People don't appreciate what they have until they've lost it.
— Ly-Sieng Ngo
This is the story of Ly Sieng Ngo, a native a Cambodian and now a resident of Seattle, Washington. Ly Sieng was born into a priviliged Chinese-Cambodian family all of whom became victims of Pol Pot's "Killing Fields." The text that follows tells of Ly Sieng's life and is further illustrated with a video she graciously filmed with organizational consultant, Dr. Sally Fox, and the Voices Technology Director, Otts Bolisey. In 1994 the Robert Woods Johnson Foundation awarded Ly Sieng as a recipient of their Family Health Community Award.
- I am repeatedly astounded at the difficulties Ly-Sieng has overcome in her transition from being a survivor for four years under Pol Pot's regime in Cambodia to being a functioning individual in a totally alien culture. She is truly an inspiration of compassion and the ability of the human spirit to triumph in the face of extreme adversity.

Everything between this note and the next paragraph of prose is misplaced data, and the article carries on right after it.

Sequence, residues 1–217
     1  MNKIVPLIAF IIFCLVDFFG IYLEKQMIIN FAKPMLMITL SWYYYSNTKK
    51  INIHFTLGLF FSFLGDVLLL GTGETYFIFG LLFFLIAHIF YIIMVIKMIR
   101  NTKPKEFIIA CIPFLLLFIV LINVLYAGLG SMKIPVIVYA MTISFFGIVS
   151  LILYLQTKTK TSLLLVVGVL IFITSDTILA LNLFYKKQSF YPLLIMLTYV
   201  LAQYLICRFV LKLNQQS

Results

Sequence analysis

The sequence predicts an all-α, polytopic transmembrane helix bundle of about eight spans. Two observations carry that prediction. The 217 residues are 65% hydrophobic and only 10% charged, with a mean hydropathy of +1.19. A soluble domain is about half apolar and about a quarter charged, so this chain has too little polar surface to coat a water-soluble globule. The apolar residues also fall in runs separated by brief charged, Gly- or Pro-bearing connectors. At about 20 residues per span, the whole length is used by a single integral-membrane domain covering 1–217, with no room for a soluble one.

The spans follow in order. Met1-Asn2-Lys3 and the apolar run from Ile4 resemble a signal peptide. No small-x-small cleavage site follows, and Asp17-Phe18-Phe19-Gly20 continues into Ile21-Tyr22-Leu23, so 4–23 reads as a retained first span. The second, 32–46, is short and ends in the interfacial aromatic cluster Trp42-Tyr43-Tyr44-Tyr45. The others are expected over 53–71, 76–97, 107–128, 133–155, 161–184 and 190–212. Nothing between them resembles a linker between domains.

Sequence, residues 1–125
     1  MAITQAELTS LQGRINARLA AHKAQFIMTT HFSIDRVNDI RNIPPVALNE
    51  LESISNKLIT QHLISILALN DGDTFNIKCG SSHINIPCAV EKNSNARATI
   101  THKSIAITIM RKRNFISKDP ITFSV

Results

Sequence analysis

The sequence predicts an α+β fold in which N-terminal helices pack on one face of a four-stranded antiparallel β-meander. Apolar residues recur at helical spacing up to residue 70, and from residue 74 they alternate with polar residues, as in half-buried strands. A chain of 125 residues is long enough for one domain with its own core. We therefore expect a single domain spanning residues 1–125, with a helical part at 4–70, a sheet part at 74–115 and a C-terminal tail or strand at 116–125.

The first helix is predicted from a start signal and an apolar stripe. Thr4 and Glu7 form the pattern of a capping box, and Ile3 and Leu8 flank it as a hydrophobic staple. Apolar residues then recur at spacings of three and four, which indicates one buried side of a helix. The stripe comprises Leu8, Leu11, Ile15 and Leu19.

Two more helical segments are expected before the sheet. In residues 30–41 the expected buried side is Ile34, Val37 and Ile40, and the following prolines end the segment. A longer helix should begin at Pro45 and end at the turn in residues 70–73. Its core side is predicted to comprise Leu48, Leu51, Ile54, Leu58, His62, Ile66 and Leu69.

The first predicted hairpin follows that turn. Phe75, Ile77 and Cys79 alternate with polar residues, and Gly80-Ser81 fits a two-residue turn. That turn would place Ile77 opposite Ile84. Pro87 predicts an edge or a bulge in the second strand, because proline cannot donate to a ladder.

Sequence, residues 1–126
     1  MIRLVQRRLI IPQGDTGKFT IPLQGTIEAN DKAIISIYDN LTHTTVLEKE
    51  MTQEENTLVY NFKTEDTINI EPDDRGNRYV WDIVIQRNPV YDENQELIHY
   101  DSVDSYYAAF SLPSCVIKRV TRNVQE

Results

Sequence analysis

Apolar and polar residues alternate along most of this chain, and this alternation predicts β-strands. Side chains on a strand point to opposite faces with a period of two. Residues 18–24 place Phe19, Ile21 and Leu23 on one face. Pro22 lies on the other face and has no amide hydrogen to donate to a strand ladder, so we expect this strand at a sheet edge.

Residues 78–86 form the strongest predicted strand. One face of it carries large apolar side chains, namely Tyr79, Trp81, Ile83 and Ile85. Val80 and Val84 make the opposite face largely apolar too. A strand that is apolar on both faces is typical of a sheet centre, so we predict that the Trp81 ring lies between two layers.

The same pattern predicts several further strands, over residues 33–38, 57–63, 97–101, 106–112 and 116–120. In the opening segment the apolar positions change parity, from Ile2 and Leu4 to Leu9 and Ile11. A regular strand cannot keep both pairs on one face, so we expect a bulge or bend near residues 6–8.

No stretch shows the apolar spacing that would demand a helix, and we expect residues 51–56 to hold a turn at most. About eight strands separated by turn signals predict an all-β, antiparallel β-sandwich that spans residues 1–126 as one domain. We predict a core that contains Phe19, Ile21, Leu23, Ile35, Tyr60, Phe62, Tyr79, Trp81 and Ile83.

— Family Nurse Practitioner, Country Doctor Clinic
- Nobody knows the suffering of the Cambodian people, nor recognizes the complex, long-term needs of the community, better than she. She has achieved a remarkable balance between translator, social worker, and advocate. She has always been exquisitely effective as a cross-cultural broker, and is extraordinarily respected by providers and patients alike. She is clearly qualified for many higher-paying jobs, but has made a commitment and stuck to it. She inspires all of us who are lucky enough to have worked with her.
—Medical Director, Country Doctor Health Centers
Source: Much of Ly Sieng's story is derived from her own words and from the "Profile of Leaders," by the Robert Woods Johnson Foundation, http://www.rwjf.org/reports/npreports/chlpNgo.htm.